Samuel Langhorne Clemens External, popularly known as Mark Twain, was born November 30, 1835, in Florida, Missouri, and spent his childhood in nearby Hannibal. Twain is best known for the novels set in his boyhood world beside the Mississippi River, The Adventures of Tom Sawyer External (1876) and his masterpiece, The Adventures of Huckleberry Finn External (1884).
As a young man, Clemens worked as a typesetter for his brother Orion’s newspaper before following his dream of navigating the Mississippi on paddle wheel steamboats. He piloted boats for three years until the outbreak of the Civil War stopped river traffic in 1861.
Clemens wrote for the Virginia City, Nevada, newspaper Territorial Enterprise in 1862, adopting the pseudonym Mark Twain. Two years later he moved to San Francisco where his writing gained further popularity and he developed the humorous style now famous throughout the world. In 1866 he went to Hawaii as a reporter for the Sacramento Union.
Clemens joined his brother in Nevada where Orion had been appointed secretary of the territory. Roughing It, first published in 1872, is Clemens’ account of his journey. In the Prefatory, Clemens describes his writing style:
Yes, take it all around, there is quite a good deal of information in the book. I regret this very much; but really it could not be helped: information appears to stew out of me naturally, like the precious ottar of roses out of the otter. Sometimes it has seemed to me that I would give worlds if I could retain my facts; but it cannot be. The more I calk up the sources, and the tighter I get, the more I leak wisdom. Therefore, I can only claim indulgence at the hands of the reader, not justification.
While in the West, Clemens stayed briefly at the California boarding house of uprooted Missourian Mrs. Lee Summers Whipple-Haslam. In her book, Early Days in California, she recalls that her mother engaged Clemens in extended conversation:
As usual with Missourians, they imparted numerous and various details of ancient forefathers, and, after lengthy discussion, decided that according to all the rules and laws of Missouri, they were cousins.
Later, when other boarders, thinking Clemens “wonderful,” asked if there were others like him in Missouri, she replied “no” and explained that “he was a Missouri freak that had broken loose from his hitching post.”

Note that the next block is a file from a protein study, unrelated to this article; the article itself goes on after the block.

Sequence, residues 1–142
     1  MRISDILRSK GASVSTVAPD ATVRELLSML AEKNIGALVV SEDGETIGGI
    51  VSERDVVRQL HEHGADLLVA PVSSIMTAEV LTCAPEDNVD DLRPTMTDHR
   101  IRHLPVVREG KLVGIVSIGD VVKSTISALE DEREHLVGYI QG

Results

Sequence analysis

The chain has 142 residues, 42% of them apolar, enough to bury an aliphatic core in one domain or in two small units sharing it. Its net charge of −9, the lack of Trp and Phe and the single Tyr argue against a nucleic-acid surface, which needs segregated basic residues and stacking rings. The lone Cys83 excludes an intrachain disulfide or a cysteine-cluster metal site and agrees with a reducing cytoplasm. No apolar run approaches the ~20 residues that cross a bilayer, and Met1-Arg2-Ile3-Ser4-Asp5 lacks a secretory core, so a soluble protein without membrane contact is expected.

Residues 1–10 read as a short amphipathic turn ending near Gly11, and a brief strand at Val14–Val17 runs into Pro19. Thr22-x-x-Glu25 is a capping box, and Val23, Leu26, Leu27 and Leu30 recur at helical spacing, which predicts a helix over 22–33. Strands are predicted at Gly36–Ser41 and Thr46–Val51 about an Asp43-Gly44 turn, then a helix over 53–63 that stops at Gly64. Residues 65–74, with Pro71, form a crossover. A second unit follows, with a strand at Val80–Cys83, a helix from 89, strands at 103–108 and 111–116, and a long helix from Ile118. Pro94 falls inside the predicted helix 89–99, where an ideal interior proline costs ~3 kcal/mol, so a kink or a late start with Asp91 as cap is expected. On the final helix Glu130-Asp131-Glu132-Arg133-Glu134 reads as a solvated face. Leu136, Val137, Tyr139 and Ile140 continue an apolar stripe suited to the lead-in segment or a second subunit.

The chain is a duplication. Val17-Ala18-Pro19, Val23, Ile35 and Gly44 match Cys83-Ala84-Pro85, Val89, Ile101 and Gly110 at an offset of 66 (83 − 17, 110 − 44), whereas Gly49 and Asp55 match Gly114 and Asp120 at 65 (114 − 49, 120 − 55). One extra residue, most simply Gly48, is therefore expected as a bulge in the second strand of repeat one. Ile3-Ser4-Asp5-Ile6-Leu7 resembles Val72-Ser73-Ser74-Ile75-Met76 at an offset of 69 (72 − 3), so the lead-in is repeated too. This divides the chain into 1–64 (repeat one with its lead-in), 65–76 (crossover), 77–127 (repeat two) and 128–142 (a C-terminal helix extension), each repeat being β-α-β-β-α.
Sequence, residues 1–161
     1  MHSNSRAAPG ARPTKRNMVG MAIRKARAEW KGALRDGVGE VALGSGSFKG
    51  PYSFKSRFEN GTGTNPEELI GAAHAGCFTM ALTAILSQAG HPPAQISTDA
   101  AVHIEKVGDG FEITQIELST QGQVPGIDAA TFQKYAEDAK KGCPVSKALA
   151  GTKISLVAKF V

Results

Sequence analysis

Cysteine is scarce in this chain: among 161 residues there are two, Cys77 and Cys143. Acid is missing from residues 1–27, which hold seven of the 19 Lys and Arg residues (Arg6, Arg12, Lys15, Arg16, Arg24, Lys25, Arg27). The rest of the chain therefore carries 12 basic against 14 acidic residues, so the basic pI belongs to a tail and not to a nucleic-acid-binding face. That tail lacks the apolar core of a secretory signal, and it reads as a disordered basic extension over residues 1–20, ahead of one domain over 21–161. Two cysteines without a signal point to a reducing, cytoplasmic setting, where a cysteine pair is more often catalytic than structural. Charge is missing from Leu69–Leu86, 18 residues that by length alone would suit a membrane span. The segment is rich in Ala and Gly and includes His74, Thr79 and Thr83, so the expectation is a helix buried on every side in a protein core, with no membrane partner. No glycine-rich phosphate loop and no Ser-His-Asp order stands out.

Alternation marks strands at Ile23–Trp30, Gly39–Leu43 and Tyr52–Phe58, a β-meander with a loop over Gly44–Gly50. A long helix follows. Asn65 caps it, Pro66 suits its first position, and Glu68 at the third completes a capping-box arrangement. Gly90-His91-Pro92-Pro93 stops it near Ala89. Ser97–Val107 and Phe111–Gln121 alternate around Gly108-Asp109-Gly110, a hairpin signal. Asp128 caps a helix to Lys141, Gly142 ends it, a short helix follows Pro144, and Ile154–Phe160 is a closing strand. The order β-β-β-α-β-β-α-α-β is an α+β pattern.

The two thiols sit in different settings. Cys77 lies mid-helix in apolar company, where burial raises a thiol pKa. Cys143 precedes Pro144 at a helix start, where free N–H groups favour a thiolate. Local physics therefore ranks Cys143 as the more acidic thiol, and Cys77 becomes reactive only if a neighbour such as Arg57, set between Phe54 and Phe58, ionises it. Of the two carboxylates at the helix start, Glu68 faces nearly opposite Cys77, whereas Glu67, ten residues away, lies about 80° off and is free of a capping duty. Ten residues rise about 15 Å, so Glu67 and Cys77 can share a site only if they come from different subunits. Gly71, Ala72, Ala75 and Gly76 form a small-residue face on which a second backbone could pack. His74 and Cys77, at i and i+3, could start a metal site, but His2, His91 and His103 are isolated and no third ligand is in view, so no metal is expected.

The American Memory collection Alexander Graham Bell Family Papers features a letter from Mark Twain to Gardiner G. Hubbard, “The Father-in-law of the Telephone,” dated December 27, 1890. In his familiar satirical style, Twain complains to Bell’s father-in-law of the poor telephone service at his home in Hartford, Connecticut. He objects that there is no night service and that h e is regularly cut off while practicing his cursing. In fact, Twain enjoyed and made use of new inventions. For example, he was the first author to submit a typewritten manuscript to his publisher.
- Search the Library of Congress Online Catalog, using the “Author/Creator Browse” option to compile a bibliography of works by and about the author. Search on both Mark Twain and Samuel L. Clemens.
- Read several of Mark Twain’s novels provided online by American Studies at the University of Virginia External:
- Search External the full text of these novels along with the text of newspaper reviews and obituary notices about Mark Twain.
- Search Today in History on writer to find more features on American literary figures such as Walt Whitman, Louisa May Alcott, Edgar Allan Poe, and William Faulkner.
- The Mark Twain Project Online External is in the process of creating a digital critical edition of all of Twain’s writings. Twain’s complete correspondence External is currently available, along with several of his publications External.
- Search on Mark Twain in the collection Built in America: Historic American Buildings Survey/Historic American Engineering Record to view photographs of Clemens’ other homes in Nevada, Connecticut, and of the “Mark Twain Historic District” in Hannibal, Missouri.
- Learn more about Samuel Clemens’ home state:
- Visit the Today in History feature on Missouri.
- Search on Missouri in Panoramic Maps to view maps of the state.
- View panoramic photographs of the state in Taking the Long View: Panoramic Photographs, 1851-1991.
- Learn more about Alexander Graham Bell’s extended family relationships by visiting the The Bell Family Trees featured in the Alexander Graham Bell Family Papers at the Library of Congress.